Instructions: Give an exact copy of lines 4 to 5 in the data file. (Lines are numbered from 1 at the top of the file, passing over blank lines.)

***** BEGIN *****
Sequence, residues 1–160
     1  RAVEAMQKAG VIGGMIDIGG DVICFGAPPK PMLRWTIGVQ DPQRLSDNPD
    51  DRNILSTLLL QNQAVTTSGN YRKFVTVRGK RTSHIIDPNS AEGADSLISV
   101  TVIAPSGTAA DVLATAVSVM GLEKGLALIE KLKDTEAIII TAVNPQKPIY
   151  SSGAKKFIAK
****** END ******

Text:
   101  TVIAPSGTAA DVLATAVSVM GLEKGLALIE KLKDTEAIII TAVNPQKPIY
   151  SSGAKKFIAK